“The environment and local ecology is important to us all,” says Susan Aceron, SAMAKA’s president and Caringo’s deputy fish warden for the past seven years — a position typically reserved only for men. The SAMAKA group has truly shifted gender norms. They are now the core of their community’s fisheries enforcement: they built the guardhouse, manage patrolling and documentation and clean up the shore adjacent to the guardhouse. Well aware of how essential compliance is to sustainable fishing, the women take their positions very seriously. “We have encountered people who were angry, angry at us because we’re very strict,” says Susan. “If we catch someone who violates the MPA, we impound all their fishing gear.”
Across San Miguel Bay on mainland Mercedes, Rodel brings his catch from Caringo to a broker, Noal Cereza. From there, Rodel's crabs will be sold at a fish market, such as the Mercedes fish market further north, a central hub of fishing commerce for the entire municipality.
The Mercedes fish market port is crowded with vendors and buyers. Rodel's crabs have made it all the way from the calming waters to this bustling site. Just below the romantic and electrifying scene of all the hustle lies a reality less idyllic. Fifty years ago, 300 boats, each with 40 crew, crowded the port. Each boat had so many fish, fishers dumped excess portions of their catch at the end of the day. For those who didn’t live in that time, it’s hard to imagine against today’s stark contrast. Today, their catches are smaller, both in quantity and in fish size. The smaller fish represent how fishers are fishing down the food chain and catching younger fish. Their motley piles of small fish visually demonstrate their constant and ever more urgent search for whatever they can eke out from the ocean.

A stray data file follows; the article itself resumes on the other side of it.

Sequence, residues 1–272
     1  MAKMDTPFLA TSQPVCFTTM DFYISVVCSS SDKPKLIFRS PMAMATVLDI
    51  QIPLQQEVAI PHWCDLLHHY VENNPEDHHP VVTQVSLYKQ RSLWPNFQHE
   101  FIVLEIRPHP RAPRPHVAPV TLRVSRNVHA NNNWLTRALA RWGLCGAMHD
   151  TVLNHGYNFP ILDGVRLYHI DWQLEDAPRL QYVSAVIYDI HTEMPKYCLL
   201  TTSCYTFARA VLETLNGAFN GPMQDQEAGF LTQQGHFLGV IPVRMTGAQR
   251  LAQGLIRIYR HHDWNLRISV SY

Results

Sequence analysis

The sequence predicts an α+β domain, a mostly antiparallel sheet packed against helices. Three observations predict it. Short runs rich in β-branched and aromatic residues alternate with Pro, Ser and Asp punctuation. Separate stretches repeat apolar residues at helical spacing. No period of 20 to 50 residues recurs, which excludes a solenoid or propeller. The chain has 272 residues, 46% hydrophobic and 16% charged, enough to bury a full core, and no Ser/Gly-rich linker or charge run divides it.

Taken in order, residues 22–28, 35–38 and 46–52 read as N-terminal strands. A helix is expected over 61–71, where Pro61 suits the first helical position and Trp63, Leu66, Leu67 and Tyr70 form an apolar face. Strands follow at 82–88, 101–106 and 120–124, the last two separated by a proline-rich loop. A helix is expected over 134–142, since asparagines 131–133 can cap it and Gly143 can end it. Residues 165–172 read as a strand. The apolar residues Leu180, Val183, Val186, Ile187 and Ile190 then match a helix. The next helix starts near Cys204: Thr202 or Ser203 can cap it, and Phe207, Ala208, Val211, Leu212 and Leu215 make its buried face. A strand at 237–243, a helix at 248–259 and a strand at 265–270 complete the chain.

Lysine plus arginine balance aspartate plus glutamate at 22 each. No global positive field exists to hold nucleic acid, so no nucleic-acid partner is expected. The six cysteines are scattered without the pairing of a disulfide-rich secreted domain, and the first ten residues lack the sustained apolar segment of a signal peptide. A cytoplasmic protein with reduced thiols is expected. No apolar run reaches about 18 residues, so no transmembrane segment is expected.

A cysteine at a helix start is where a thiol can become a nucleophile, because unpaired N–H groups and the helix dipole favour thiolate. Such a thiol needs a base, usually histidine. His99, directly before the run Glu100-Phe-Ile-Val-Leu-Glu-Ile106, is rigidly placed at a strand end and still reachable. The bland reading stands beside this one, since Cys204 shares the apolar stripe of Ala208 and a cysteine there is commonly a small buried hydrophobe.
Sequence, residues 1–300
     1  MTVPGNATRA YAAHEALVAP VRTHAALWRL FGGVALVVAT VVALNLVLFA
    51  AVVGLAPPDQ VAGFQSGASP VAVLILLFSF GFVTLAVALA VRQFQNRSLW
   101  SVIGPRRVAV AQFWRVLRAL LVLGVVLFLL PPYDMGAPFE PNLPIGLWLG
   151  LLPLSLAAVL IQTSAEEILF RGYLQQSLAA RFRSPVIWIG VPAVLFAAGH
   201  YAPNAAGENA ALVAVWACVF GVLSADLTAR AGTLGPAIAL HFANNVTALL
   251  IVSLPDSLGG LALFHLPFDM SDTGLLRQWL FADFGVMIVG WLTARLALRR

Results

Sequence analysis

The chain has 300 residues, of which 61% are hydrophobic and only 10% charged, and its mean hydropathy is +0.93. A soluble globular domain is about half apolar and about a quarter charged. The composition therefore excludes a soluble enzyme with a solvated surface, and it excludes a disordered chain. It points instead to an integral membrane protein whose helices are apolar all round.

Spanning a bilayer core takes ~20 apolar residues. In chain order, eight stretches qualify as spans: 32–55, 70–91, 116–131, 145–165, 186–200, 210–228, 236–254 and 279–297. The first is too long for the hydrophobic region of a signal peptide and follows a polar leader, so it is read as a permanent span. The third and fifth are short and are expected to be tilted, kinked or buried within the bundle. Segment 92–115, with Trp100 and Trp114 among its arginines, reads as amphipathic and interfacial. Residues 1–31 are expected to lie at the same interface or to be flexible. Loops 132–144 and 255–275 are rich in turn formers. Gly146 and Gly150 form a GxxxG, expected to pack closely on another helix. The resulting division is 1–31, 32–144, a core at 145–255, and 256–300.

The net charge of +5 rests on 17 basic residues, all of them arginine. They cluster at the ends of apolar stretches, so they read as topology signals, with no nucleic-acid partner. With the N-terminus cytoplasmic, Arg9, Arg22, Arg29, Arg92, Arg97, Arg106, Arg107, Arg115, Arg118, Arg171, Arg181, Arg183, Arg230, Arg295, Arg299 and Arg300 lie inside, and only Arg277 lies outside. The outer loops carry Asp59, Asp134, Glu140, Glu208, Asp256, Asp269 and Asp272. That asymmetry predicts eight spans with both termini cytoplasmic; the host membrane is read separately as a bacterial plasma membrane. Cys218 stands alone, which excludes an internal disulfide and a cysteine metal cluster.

Local leader Mike Totanes has long been troubled by the fishing crisis he sees impacting so many families, like Rodel’s. He is another key actor in the sustainable fisheries solution. Working in municipal planning and development with Mercedes’ provincial government for years, Mike has gained strong experience with community organizing which he has applied to fishing community outreach. Through this work, he has come to truly understand and gain the trust of local fishers. A brand new Rare Fellow, Mike is being trained in behavioral science and marketing techniques to inspire and guide the fishing communities around Mercedes, like Rodel’s, to adopt sustainable fishing practices.
Mike is one of 45 local leaders in the Philippines who have served as Rare Fellows and who have been able to help communities, through two-to-three year-long projects, put sustainable fishing practices in place. Just across the bay, in Tinambac, another Rare Fellow, Cathy Demesa, ran campaigns with local fishing communities to promote sustainable fishing practices and save the Common Coral Grouper’s declining numbers. Her efforts led to a huge turn-around in illegal fishing practices, and her work was featured in The New York Times and in speeches in conferences around the world.
Like Mike and other local leaders, Caringo Island’s fishers are powerful change-agents as well. Already, many have chosen to sacrifice short-term personal gain to try to build an enduring future for fishers to come. Some new practices they have taken on in support of fish recovery include protecting crabs that are carrying eggs which, if caught, are transferred to holding pens until their eggs drop to aid in the recovery of crab populations.
For the Caringo Island community, and those around it, the challenge facing their communities and future generations is palpable. But so is their commitment to a solution. Through local fishers like Rodel and by training and supporting community leaders like Mike, Rare is partnering to catalyze a global movement of coastal fisheries reform. Far greater than simply a conservation issue, the crisis facing small-scale fisheries is an economic development and social issue, impacting poverty, food security, climate resilience and jobs. The path towards sustainability will not be easy, but it is possible, it is essential and we have solutions. Together, we can turn the tide for communities like Rodel’s.
Images and video by photojournalist Jason Houston